Elect Kirk Caldwell. “The two-week long Festival mirrors the celebratory Christmas mood of Hawaii’s largest ethnic minority,” Cortes says. “It will showcase various segments of Philippine culture and highlight Filipinos’ unique celebration of Christmas. Another beloved tradition observed by most Filipinos is the nine-day celebration before Christmas called Simbang Gabi, meaning “night worship,” which originates from the Catholic custom of gathering together to celebrate the Eucharist in the pre-dawn hours on each of the nine days before Christmas. Other Filipinos refer to this celebration as the Misa de Gallo, or “Mass of the Rooster.” Catholic churches throughout the country will start ringing their bells long before the roosters crow. This uniquely Filipino observance tests one’s devotion and requires much discipline to get out of bed at 3 am for nine straight days. After the mass, Filipinos typically enjoy puto
bumbong, bibingka, hot chocolate, tea and other treats at home or at one of the many makeshift stalls lining the street in front of the church.. On Christmas Eve, Filipino families traditionally stay awake past midnight to usher in Christmas. At midnight, the entire family gathers for a family feast called the Noche Buena. The home is wide open to relatives, friends and neighbors to drop by and eat. Lechon, pancit, adobo, lumpia and other delicacies are served buffet style, along with beer, wine and liquor. Outside of the typical home, the streets are lighted and full of activities, with children playing. The entire evening is a time for family members, both immediate and distant, to bond together and share the true meaning of Christmas. Bernie Bernales has fond memories of celebrating Christmas as a child. “I wish I could be young once again and do all the things I did then when life was (continued on page 5)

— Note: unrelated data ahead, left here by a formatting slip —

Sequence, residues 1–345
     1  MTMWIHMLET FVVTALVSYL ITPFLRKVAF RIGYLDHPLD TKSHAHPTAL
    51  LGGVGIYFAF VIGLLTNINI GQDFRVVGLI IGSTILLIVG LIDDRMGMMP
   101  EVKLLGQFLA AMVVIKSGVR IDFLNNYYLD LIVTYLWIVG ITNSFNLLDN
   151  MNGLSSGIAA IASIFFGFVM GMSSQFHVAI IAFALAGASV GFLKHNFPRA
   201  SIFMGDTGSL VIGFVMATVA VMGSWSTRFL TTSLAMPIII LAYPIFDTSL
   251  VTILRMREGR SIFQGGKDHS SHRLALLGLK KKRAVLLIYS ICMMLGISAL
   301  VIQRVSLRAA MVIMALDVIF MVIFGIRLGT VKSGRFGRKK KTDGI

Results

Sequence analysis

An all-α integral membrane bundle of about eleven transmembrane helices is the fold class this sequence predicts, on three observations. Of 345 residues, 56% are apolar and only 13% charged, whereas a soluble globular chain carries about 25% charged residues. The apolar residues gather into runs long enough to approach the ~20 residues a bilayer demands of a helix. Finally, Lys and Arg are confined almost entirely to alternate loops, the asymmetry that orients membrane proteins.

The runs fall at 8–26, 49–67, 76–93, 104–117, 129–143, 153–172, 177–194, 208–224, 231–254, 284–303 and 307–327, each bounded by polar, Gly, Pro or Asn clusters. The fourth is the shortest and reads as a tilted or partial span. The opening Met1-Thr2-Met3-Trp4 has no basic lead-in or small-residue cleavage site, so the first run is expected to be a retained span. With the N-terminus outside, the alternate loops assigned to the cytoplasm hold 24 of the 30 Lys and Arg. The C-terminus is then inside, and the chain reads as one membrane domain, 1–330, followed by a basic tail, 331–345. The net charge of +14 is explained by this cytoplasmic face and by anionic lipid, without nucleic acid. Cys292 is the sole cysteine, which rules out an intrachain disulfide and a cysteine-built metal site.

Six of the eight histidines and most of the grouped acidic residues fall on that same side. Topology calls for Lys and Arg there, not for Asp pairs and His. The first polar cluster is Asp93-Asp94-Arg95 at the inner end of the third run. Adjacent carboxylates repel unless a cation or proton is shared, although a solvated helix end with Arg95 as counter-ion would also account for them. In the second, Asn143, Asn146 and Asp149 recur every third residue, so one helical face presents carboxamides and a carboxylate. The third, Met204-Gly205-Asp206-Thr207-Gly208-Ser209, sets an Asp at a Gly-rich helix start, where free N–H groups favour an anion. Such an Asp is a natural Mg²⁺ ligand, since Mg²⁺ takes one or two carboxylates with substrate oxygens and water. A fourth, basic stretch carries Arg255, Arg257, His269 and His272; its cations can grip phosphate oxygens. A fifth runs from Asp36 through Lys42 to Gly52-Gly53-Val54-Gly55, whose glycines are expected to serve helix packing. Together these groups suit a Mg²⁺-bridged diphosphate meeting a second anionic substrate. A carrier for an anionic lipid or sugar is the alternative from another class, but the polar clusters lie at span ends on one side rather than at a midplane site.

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Pasko! sa FilCom offers uniquely Filipino Christmas celebrations. (left): Actors stage the Panunuluyan, or reenactment of Joseph and Mary's search for an inn. (right): Filipinos try their hand at making a parol (from page 4, ENJOYING...)
simpler, such as the ritual of Misa de Gallo and on Christmas Day visiting my grandparents and close relatives for their blessings and gifts,” he says. Bernales also remembers spending time at home with his siblings, playing games with them and the neighborhood kids and celebrating the Noche Buena with her family. As an adult, he has continued much of his childhood Christmas traditions, such as putting up the decorations and getting the belen, or nativity scene, ready for his son Bobby to assemble himself on Christmas Eve. “It’s a family tradition that we have been doing since my son was 2 years old,” he says.
Pasko! sa FilCom If you’ve never been to the Philippines to experience Christmas, you’re in luck. Many of the same beloved Filipino traditions will be available for all to see, taste and enjoy at the upcoming Pasko! sa FilCom celebration on December 16, 2012 from 3:30 pm to 7:30 pm at the Filipino Community Center in Waipahu. About 200 volunteers from various Filipino community organizations will be pooling their resources in hopes of making the event a perennial success. Previous celebrations averaged well over 500 people. As in past events, attendees
at this year’s Pasko! will have opportunities to sing festive Christmas carols of today and yesterday; taste bibingka and other goodies prepared during cooking demonstrations by various community organizations; listen to storytelling and performances by FilCom’s Banda Kawayan and Himig at Indak; enjoy games, crafts, music and dance; and make their own parols and decorative Christmas trees. There will also be the Panunuluyan—the reenactment of Mary and Joseph’s search for an inn. This year’s Pasko! is bound to evoke feelings of nostalgia, especially for those who were born and raised in the Philippines. In fact, organizers say
28th Annual City Lights Celebration Set for December 1st
he City will hold the 28th Annual City Lights Celebration on December 1, 2012 at 6 pm on the lawn of Honolulu Hale. This year’s fanciful ocean-themed decorations for the grand Christmas tree were inspired by Shaka Santa’s snorkeling holoholo adventure to Hanauma Bay, featured in the event’s signature ornament. Presented free by the City and the Friends of Honolulu City Lights, the annual holiday celebration draws thousands to the Downtown/Civic Center on opening night to see the “corridor of lights” followed by the always popular Public Workers Electric Light Parade, sponsored by Hawaiian Electric Company and Macy’s. The parade will start at Aala Park and move down King Street. Dozens of decorated City vehicles, high school bands and sponsor floats, including two large Macy’s star balloons, will arrive at King and Punchbowl streets just as the City Christmas tree is illuminated at 6:30 pm. Brother Wade of radio station Hawaiian 105 KINE and Shannon Scott, Cox Radio on-air personality and promotions director, will announce the pa-